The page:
Updated: Feb 10, 2020
We do reference rape, of course. Now more than ever before. The rise of the #MeToo movement has started a conversation that was long overdue, but it’s only scratching the surface. We still hold back the details. Who wants such harsh realities in their heads as they commute to work, unwind after a long shift, or lie on a beach? We’re talking around the subject of rape, but I don’t think we’re really talking about it yet.
When Christine Blasey Ford gave evidence to the US Senate Judiciary Committee regarding allegations against Brett Kavanaugh, the world held its breath. The details as she recollected them were hazy, and there were some apparent inconsistencies, but the emotion she expressed, the sense of time travel as she retreated into the moment, was raw and compelling. The general public rarely witnesses moment like these. Juries do occasionally. Criminal barristers do with greater regularity, and that’s where I saw a multitude of victims come and go over the years as I prosecuted and defended in sexual assault cases. But it’s my own personal experience of rape that keeps me awake at night.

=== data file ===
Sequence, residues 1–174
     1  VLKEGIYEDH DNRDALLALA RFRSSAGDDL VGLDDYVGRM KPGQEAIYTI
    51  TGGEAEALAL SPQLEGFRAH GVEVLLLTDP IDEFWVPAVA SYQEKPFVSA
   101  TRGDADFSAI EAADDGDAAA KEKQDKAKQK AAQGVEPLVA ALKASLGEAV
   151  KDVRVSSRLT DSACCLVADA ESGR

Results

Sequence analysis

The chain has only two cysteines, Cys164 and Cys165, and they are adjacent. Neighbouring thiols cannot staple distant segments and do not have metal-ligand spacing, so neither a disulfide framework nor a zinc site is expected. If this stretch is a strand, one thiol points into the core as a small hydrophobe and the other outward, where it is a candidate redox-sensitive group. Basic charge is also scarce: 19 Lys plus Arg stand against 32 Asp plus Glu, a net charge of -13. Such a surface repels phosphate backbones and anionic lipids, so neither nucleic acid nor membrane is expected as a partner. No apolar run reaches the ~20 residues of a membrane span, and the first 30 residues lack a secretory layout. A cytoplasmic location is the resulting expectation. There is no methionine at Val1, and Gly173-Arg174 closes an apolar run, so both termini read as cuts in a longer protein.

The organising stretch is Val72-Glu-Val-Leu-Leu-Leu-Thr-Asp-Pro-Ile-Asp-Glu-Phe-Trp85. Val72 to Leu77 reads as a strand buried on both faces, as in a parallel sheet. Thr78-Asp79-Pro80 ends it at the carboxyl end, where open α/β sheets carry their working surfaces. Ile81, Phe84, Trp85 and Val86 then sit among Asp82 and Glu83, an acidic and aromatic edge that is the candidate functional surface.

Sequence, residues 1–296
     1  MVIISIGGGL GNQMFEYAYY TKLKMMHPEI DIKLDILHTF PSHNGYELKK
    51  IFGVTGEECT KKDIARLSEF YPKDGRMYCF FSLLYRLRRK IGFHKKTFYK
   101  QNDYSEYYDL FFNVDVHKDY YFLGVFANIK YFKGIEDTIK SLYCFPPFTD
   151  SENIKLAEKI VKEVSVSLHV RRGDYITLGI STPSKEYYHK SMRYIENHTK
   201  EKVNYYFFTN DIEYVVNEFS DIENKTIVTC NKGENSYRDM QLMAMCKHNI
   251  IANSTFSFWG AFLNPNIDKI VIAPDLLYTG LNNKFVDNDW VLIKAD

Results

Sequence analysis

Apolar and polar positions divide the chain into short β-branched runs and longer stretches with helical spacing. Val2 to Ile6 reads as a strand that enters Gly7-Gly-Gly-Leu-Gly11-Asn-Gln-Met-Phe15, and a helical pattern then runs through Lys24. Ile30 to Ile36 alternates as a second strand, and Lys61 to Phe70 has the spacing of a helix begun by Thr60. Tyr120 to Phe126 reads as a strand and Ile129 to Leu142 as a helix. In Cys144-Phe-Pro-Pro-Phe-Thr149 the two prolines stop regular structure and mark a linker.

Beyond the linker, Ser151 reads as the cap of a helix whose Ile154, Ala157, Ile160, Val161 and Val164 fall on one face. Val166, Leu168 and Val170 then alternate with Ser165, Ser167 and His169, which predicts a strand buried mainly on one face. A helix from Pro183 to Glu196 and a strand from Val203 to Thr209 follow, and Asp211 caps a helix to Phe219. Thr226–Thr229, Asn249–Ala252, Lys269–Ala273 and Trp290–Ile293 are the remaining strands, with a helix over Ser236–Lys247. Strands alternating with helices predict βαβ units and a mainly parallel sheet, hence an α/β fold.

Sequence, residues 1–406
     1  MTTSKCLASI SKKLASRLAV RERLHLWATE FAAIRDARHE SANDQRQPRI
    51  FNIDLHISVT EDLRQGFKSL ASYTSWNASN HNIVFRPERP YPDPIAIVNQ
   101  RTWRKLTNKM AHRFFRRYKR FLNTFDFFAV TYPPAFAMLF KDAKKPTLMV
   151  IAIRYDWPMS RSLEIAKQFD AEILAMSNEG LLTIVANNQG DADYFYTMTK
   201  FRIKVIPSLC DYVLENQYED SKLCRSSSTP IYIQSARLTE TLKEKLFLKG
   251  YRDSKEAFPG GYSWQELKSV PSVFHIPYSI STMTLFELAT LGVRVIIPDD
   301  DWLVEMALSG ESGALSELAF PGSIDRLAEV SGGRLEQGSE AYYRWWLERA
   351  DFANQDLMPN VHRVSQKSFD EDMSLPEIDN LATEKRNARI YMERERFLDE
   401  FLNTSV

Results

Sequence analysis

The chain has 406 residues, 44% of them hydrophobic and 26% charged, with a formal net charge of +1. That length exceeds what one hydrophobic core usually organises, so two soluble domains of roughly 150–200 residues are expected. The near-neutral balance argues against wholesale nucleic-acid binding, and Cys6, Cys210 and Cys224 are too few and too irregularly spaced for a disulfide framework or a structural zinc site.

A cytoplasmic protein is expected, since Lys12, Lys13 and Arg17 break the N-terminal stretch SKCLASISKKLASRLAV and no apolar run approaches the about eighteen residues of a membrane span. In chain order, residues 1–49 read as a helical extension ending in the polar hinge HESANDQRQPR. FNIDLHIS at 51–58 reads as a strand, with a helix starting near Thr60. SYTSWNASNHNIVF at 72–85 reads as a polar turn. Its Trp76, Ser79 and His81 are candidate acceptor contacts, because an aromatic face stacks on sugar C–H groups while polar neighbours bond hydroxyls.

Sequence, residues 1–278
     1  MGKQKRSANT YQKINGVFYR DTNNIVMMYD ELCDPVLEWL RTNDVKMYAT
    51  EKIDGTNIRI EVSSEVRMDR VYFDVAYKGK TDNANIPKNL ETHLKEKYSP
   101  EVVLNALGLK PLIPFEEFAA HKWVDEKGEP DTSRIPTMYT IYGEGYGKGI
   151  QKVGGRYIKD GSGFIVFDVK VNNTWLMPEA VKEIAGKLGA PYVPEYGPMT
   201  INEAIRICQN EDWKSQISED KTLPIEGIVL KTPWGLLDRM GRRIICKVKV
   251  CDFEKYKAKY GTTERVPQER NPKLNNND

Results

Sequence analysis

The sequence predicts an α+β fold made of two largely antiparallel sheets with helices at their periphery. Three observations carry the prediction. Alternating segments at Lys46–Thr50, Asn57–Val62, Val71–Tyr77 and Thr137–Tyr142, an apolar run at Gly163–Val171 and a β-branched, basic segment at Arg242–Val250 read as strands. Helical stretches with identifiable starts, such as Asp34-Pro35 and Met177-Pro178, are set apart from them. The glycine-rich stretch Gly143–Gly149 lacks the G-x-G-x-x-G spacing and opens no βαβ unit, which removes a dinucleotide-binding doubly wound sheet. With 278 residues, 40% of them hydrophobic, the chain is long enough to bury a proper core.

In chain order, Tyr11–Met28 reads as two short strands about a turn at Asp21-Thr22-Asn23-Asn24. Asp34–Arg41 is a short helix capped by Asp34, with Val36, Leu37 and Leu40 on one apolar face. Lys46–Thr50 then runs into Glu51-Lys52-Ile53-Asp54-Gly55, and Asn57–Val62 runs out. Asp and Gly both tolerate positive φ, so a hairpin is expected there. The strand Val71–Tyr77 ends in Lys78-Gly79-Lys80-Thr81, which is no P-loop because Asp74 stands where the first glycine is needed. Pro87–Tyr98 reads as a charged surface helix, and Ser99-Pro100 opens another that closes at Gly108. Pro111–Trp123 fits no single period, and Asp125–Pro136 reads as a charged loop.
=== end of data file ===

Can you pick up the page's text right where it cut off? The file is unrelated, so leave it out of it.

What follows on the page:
I was sixteen years old (plus one day and one hour) when I was raped by a man who was then a special constable. He helped run a club of which I was a member, and was in a position of authority over me. He knew my family. He knew my parents were going away. He knew I was a day past my birthday, and thus finally of an age when he could claim that I’d consented to sexual activity. Some weeks after the event, he even apologised to me, and if that sounds bizarre then you have to remember that every victim and every rape is unique, and that every rapist behaves differently and justifies their own behaviour in their own way.